The IFA, the year’s biggest consumer electronics show, is kicking off in Berlin. It comes as the industry – except for TV manufacturers – eagerly awaits the holiday shopping season.
Every time the IFA gadget show rolls around, TVs seem to have gotten bigger, their displays sharper and the colors they project more intense. By now, they’ve reached dimensions that exceed the parameters of any normal living room. This year too, exhibitors will present the latest, state-of-the-art models on the trade fair grounds below Berlin’s iconic radio tower. But they’ll be doing it with a sinking feeling in the pit of their stomachs.
TVs are selling about as well as home theater equipment and digital cameras – that is to say, not very. “The first half of 2015 was worse than we expected, at least for classic consumer electronics,” said Hans-Joachim Kamp, chairman of gfu Consumer and Home Electronics, the organizer behind IFA. “We knew it wouldn’t be a soccer world cup or anything but a decline of 9.3 percent? That caught us off guard.”
Christmas is right around the corner
Sales of high-definition, flat screen TVs alone have collapsed by 16.5 percent to 1.8 billion euros. The television may still be the most used consumer electronic device, but mobile devices are catching up. Business also faltered with stationary IT products like desktop computers. Laptops and tablets are also becoming ever less popular due to the increasing size of smartphones, many of which are also called phablets.
Overall, the industry expects a 1 percent drop in sales by the end of the year. But that’s only if the holiday shopping season goes well. IFA is a fair where orders are made. In 2014, orders worth 4.25 billion euros ($4.79 billion) were placed. How is Germans’ buyer readiness? What are they looking to acquire in the coming months? What will be under the Christmas tree? These are the questions being asked at this year’s IFA.
“IFA is really taking place at the perfect time,” says Hans-Joachim Kamp. Everyone knows that sales really take off in the third and fourth quarters. “That’s when consumers are more willing to buy high-quality goods.” All of the big players are represented at IFA. “Whoever doesn’t come to the trade fair will notice it, at the latest, with the development of their market share.”
82 percent of all connections
More than 1,500 exhibitors are flocking to this year’s fair, which is now completely sold out. Even PC manufacturers, which in years past were more likely to be found at the CeBIT computer show in Hanover, are now coming to Berlin. Incidentally, “IFA” no longer stands for Internationale Funkausstellung, German for International Consumer Electronics Fair. The three letters merely stand for themselves and carry the subtitle, “Consumer Electronics Unlimited.” That last word, unlimited, describes the networking of at-home devices now more than ever. Without an Internet connection, functionality is strictly limited. Only 18 of all devices cannot communicate with the Internet and each other.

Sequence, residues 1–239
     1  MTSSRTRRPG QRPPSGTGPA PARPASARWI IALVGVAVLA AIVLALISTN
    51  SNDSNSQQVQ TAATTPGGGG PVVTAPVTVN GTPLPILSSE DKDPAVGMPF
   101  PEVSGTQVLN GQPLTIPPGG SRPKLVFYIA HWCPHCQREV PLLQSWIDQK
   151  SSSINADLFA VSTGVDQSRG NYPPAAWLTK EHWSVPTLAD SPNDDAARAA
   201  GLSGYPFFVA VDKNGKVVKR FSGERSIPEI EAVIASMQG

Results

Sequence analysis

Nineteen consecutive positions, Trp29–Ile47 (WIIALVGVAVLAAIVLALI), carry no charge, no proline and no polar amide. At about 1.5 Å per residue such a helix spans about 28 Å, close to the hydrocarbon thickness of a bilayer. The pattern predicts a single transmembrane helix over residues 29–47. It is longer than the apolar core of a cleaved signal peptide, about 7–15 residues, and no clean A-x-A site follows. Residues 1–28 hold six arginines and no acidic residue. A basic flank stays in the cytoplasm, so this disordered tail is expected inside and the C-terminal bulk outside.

People are increasingly turning to the Internet for their movies and music too. Online services for music streaming have grown by 60 percent. There won’t be many new things at IFA this year – it’s much more about introducing the trends of years past in mature form. Christian Göke, head of Messe Berlin, still has high expectations. “The market is on the edge of its seat. The press has already published the first photos, whether they’re of the first smartwatches with round displays or new virtual reality headsets or completely redesigned phablets.”
Not without my smartphone
The lynchpin at this year’s show is the smartphone. Without this communications control center, nothing works. This fact is evident in companies’ sales figures. This year, the telecommunications market overtook that of consumer electronics. More than 11 million mobile phones were sold in Germany in the first half of the year. By the end of the year, this figure is expected to rise to 25 million.
The smartphone is being expanded by so-called wearables, which can include smartwatches or fitness bracelets. “This isn’t just a gimmick. Whoever has one and uses it is typically satisfied,” says Hans-Joachim Kamp. “We would have never thought this possible a year ago, but 1.6 million units will have been sold by the end of this year.”
Heaters, washing machines and robots
A good portion of the trade fair will also be covered by so-called white goods, i.e. washing machines, refrigerators and everything else a household may need. Energy efficiency plays a significant role here. A third of all Germans are ready to exchange their old appliances for new ones that use less electricity. Of course, more appliances are also able to be connected to the Internet. The “smart” home can be controlled via smartphone apps and the clever robot vacuum keeps the place clean even when no one’s home. One cause for concern among Germans, however, remains data security. In this area, convincing solutions are urgently needed.